For the current quarter, the earnings were reported on the SFRS(I) 17 insurance contracts basis while the earnings for the 1QFY2022 were reported based on SFRS(I) 4 insurance contracts principles. The impact of the new method of reporting will be disclosed in the group’s 1HFY2023 results.
*NBEV - 11%, but ifrs17 profit higher 10%
3 weeks ago
Great Eastern's NBEV in Malaysian market grew at 3%. Meanwhile AIA reported double-digit VONB increase in Malaysia.
Given the Malaysian market has recovered, let's see if Allianz can finally deliver some growths after four quarters of decline.
3 weeks ago
Maybank published its results today. Not sure if I've missed something. The effects of MFRS17 adoption have been rather muted.
Group insurance & Takaful contributed RM238m to Maybank's total operating profit of RM2,979m (Note A30). The effects of MFRS17 adoption was to increase operating profit by a mere RM2.8m i.e. 1% only (Note A40 i)
Maybank has a balanced insurance portfolio. Based on total operating income, life/ family takaful/ general takaful/ general & others are RM350m/ RM171m/ RM93m/ RM57m respectively (Note 38a)
Does Maybank's experience with MFRS17 has any bearing on other insurers?
4 days ago
IFRS17 impacts the most on conventional life. Maybank has multiple subsidiaries (conventional/takaful x life/general). By product type, IFRS17 also has different impacts on regular premium/single premium (e.g. STMB), and protection / saving.
Allianz Life has relatively minimal saving products, but this is not the case for Etiqa Life.
3 days ago
Tuneprotect also released its IFRS17 Q1 result, but nothing to see there, since minimal change to General insurance.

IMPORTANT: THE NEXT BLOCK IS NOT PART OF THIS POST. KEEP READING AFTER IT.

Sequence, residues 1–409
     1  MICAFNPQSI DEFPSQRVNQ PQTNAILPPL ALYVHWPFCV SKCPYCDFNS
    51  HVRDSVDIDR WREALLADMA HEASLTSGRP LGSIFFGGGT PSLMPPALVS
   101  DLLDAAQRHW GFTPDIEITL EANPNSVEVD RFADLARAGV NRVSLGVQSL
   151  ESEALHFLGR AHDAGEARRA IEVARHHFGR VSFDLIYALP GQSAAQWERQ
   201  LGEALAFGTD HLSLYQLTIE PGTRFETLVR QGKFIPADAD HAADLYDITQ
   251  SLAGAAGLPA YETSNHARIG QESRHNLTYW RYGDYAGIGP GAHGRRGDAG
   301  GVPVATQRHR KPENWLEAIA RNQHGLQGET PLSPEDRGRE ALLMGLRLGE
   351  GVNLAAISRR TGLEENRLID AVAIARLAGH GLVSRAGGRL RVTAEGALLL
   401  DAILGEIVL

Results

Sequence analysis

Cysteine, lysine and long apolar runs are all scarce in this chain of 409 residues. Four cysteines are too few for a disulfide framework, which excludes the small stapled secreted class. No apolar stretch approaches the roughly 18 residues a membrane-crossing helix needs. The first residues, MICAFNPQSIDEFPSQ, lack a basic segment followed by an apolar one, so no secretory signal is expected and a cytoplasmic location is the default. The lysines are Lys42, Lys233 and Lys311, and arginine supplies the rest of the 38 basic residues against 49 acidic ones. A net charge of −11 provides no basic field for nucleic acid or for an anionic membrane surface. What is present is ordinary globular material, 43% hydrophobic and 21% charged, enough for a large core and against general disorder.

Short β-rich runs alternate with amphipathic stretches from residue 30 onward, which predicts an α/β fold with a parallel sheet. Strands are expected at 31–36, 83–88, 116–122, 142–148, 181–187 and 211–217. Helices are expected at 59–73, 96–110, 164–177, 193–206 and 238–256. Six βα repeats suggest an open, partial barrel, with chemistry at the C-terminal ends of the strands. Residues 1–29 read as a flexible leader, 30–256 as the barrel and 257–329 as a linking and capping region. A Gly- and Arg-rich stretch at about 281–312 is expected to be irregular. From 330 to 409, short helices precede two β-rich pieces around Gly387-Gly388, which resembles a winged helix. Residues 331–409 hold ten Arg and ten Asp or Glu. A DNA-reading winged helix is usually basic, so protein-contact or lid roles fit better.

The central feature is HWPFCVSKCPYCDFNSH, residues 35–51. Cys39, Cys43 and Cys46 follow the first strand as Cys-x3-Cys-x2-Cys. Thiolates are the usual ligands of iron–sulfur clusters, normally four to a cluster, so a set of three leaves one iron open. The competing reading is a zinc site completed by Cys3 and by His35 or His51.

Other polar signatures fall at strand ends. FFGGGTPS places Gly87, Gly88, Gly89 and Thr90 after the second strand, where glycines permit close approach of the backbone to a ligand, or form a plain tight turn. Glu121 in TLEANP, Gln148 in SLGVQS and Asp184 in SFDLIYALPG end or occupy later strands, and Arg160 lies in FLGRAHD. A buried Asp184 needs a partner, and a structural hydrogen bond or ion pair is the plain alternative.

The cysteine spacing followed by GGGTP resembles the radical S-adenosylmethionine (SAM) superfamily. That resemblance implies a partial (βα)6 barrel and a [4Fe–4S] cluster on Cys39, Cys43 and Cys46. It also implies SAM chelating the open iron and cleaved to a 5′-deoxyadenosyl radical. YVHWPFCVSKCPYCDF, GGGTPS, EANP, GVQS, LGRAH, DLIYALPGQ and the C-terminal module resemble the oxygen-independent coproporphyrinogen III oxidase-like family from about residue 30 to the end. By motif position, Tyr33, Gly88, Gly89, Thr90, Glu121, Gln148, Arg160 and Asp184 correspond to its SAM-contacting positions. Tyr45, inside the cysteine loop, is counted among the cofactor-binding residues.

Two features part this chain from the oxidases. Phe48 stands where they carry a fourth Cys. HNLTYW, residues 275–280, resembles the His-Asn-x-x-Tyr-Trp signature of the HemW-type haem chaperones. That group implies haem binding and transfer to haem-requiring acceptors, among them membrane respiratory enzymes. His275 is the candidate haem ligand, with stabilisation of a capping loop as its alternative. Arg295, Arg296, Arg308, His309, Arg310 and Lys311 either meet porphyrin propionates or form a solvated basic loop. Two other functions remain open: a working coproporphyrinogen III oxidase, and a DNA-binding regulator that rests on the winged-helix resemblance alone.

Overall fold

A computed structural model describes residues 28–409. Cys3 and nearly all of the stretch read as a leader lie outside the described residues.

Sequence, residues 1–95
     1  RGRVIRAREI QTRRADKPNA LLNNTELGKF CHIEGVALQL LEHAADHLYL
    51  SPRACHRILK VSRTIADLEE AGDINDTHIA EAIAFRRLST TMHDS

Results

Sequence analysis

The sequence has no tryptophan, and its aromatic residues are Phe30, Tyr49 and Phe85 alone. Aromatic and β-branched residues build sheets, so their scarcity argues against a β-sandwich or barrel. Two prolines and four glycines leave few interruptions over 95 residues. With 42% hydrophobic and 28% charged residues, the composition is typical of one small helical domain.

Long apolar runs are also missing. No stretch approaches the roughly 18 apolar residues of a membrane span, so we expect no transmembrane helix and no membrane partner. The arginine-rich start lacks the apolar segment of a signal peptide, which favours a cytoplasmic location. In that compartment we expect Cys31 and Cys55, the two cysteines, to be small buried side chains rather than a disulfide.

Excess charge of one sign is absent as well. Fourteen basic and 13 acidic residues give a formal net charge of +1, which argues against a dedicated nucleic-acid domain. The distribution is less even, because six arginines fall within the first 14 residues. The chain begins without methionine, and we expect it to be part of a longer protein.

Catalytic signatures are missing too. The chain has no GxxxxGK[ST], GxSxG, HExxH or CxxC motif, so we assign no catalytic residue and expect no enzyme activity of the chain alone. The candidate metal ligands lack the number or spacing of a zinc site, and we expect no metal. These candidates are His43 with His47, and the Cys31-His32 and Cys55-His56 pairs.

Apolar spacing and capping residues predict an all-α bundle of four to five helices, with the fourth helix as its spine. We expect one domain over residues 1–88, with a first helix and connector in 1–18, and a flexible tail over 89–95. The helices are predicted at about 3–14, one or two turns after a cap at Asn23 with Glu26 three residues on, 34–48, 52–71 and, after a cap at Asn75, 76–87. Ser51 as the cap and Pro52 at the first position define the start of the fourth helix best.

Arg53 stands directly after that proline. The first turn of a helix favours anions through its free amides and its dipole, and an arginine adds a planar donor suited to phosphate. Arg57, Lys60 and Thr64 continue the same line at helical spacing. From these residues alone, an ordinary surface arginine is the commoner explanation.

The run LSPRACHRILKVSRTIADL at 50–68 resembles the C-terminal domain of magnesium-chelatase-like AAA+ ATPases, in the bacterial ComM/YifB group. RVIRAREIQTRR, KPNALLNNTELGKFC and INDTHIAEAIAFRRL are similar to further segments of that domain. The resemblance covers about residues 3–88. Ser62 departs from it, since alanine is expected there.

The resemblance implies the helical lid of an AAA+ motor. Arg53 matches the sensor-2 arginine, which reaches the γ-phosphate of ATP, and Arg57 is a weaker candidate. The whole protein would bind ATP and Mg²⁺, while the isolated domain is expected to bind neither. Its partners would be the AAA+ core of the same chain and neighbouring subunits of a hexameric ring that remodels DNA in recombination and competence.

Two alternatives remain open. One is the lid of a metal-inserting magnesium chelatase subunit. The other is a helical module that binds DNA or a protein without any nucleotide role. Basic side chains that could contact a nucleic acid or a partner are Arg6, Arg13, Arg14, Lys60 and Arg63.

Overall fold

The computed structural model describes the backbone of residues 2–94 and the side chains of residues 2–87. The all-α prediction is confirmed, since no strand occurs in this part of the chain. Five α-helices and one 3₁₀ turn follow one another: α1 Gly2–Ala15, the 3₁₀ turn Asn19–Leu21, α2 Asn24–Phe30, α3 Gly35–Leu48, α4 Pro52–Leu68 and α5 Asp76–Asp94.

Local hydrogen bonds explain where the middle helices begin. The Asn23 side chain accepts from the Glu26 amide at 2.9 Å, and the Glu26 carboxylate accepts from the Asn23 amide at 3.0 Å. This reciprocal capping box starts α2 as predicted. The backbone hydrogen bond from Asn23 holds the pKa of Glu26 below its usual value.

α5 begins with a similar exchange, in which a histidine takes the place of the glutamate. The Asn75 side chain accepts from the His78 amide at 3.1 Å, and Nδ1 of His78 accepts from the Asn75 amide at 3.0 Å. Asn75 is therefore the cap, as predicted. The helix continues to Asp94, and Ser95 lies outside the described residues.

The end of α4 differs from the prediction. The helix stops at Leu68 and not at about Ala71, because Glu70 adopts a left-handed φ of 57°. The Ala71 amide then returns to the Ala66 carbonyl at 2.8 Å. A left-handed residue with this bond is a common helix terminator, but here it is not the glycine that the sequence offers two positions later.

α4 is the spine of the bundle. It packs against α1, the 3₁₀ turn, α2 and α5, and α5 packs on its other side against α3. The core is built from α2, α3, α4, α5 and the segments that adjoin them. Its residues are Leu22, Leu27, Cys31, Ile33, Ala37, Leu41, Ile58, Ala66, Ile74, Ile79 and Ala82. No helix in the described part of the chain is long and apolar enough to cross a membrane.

2 days ago
Manulife just annouced its results. Note 2b shows effects of MFRS9 and 17 adoption, where total shareholders’ equity increased from RM955m to RM1,186m
Note B3 mentions
"Life insurance business – Operating revenue of life insurance business increased by RM13.0 million or 11.6% mainly due to higher contractual service margin (“CSM”) amortisation and risk adjustment release as a result of higher inforced business."
Manulife revenue and profit have been rather stagnant over the years. It seems the company is not doing too well. Any idea why?
2 days ago
Globally Manulife mainly focus on HNW saving products (e.g. Manulife SG is top 3 ranked by APE), and indeed Manulife also has a HNW subsidiary in Malaysia (one of its kind), but Manulife itself quite limited branding in Malaysia, with poor agency channel and banca channel (Alliance bank).
1 day ago
Manulife disclosed its CSM = 241mil, RA = 232mil, net tax ~ 360mil, vs its market cap of 420mil (inclusive of asset management business).
1 day ago
Manulife also "intentionally" set a low CSM, but might also due on its business nature (not sure what's it saving/protection mix). If Allianz (primary protection business) didn't intentionally set a low CSM, spike in operating profit should be very substantial (much higher than Manulife 11.6%)
1 day ago
I have a question on "intentionally" setting a low CSM.
Based on what I read, for group of profitable contracts,
PV of cash inflows = CSM + RA (risk adjustment) + PV of cash outflows.
Therefore if Manulife, being conservative, sets a low CSM, it will have a correspondingly higher RA to reflect the greater risk perceived.
However, if the risk does not "materialise", the RA will still be "released" along with CSM at the end of period.
Refer Manulife Note A13, the insurance revenue is made up of RM11m of "CSM recognised for service provided", as well as RM8.7m of "Change in risk adjustment for non-financial risk expired"